Nicholas Irion contributed to this article.

In the first and second installments of the quick-trade hurricane portfolio, we discussed which stocks might see increased revenues to help repair storm damage and get life back to normal. Today, I want to key in on names to avoid or short as a result of the ravages of Mother Nature.

And as I mentioned in the first two parts, the types of trades we're looking for in these stocks are short-term pops, or drops, off of news of a storm, not as longer-term fundamentals plays, unless otherwise stated.

The companies with the highest potential for losses have assets sitting in the Gulf of Mexico corridor. These are the companies to avoid as the reason is self-explanatory -- destruction or damage of their assets. For energy companies that are focused on refining, exploration or production, every hour they are offline (i.e. not pumping, drilling, or processing oil and gas), they are losing money.

Using previous storms as a template, here are companies that stand out to me for their potential negative exposure:

Exploration & Production companies: This group has the most potential exposure to damage from rough weather as the cash spigot of oil and gas is turned off. It is a very simple formula -- spigot off, no revenue and bad -- spigot on, gushing revenue and good. Think of the E&P companies as the opposite trade in oil services stocks mentioned in part two of the series.

On the big-cap front, watch Conoco Phillips ( COP), Devon Energy ( DVN), EOG Resources ( EOG) and Murphy Oil ( MUR).

Some smaller under-the-radar names to track are Range Resources ( RRC), Stone Energy ( SGY) and Rosetta Resources ( ROSE).

Refiners: Valero ( VLO) has the highest refiner asset exposure to storm damage. The company operates refineries in Aruba, Louisiana and Texas, and its two plants in Corpus Christi, Texas are located on the Gulf, as well as its largest production center with over 340,000 barrels per day.

Hess ( HES) is an integrated energy company, but has some exposure -- it operates one large refinery in the Caribbean, 550 miles off the coast of Venezuela. Also, integrated names Marathon Oil ( MRO) and Chevron ( CVX) have refinery exposure.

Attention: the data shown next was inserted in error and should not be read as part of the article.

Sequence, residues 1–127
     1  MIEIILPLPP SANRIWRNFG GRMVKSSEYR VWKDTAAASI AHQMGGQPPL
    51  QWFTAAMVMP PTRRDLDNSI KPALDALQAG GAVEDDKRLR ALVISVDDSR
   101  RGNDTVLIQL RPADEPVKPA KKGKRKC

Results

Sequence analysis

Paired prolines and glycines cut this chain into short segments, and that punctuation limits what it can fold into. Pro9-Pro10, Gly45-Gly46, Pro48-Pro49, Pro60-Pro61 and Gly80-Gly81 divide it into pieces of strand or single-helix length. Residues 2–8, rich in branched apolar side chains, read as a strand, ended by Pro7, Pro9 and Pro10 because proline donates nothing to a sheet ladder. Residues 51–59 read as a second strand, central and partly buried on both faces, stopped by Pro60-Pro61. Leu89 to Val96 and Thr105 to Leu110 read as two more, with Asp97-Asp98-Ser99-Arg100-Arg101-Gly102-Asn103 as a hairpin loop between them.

Railroads: Flooding is never good for railroads, as damaged tracks are costly to repair and delays revenue generating loads from being delivered. The recent flooding in the Midwest is a good example of the downside. Both Burlington Northern ( BNI) and Union Pacific ( UNP) both reported that severe weather caused its network to experience outages and disruptions to operations. UNP was forced to close six rail lines for several days and was unable to re-route cargo. The company estimates that earnings will be reduced by $0.05 because of the poor weather.

Truckers: Continuing on the transportation angle, I think the truckers can be a quick trade as a group to the downside. The group has already been hammered by high fuel prices, so the aftermath of a storm will only add to their troubles. Look for weakness in Con-Way ( CNW), YRC Worldwide ( YRCW), JB Hunt ( JBHT), Landstar ( LSTR) and C.H. Robinson ( CHRW).

Caribbean-based assets: Look for companies with factories or plants based in the tropical islands. For example, Consolidated Water ( CWCO) is a Grand Cayman based water company that processes and supplies water to public utilities and commercial properties such as hotels. It has holdings in the Cayman Islands, Belize and the Bahamas. A strong storm could potentially damage their plants and distribution system.

Gaming/Casino: In post-Hurricane Katrina trading, gaming stocks were hit hard and dropped to historically low valuations. Investors speculated that gaming companies with properties in the Southeast and Midwest would have costly rebuilds and revenue shortfalls. The stocks with exposure to the hurricane corridor are Boyd Gaming ( BYD), MGM Mirage ( MGM), Churchill Downs ( CHDN), Ameristar Casino ( ASCA), and Penn National Gaming ( PENN). Of note, the whole gaming sector has sold off hard in the past few months given the current economic turmoil, so the downside is somewhat muted. I would not short this group, but I would avoid it.

Finally, one "not obvious" stock to avoid or short is Northrop Grumann ( NOC). The large defense company has significant Gulf Coast exposure from its shipbuilding operations. Hurricane Katrina wreaked havoc with over $1 billion in damages to shipyards with losses severely reducing near-term margins.

Again, let me emphasize that this portfolio is for a trade and the furthest from a long-term investment I can think of. But a dollar earned from a fast trade or a dollar earned over a 10-year investment is still a dollar earned.

Patrick Schultz is a research associate at TheStreet.com. He has previously obtained securities licenses under the NASD's Series 7, Series 24, Series 52 and Series 63 exams and has worked in the financial markets on various trading desks in addition to trading for his own account. Schultz holds a bachelor's degree in applied economics from Cornell University.

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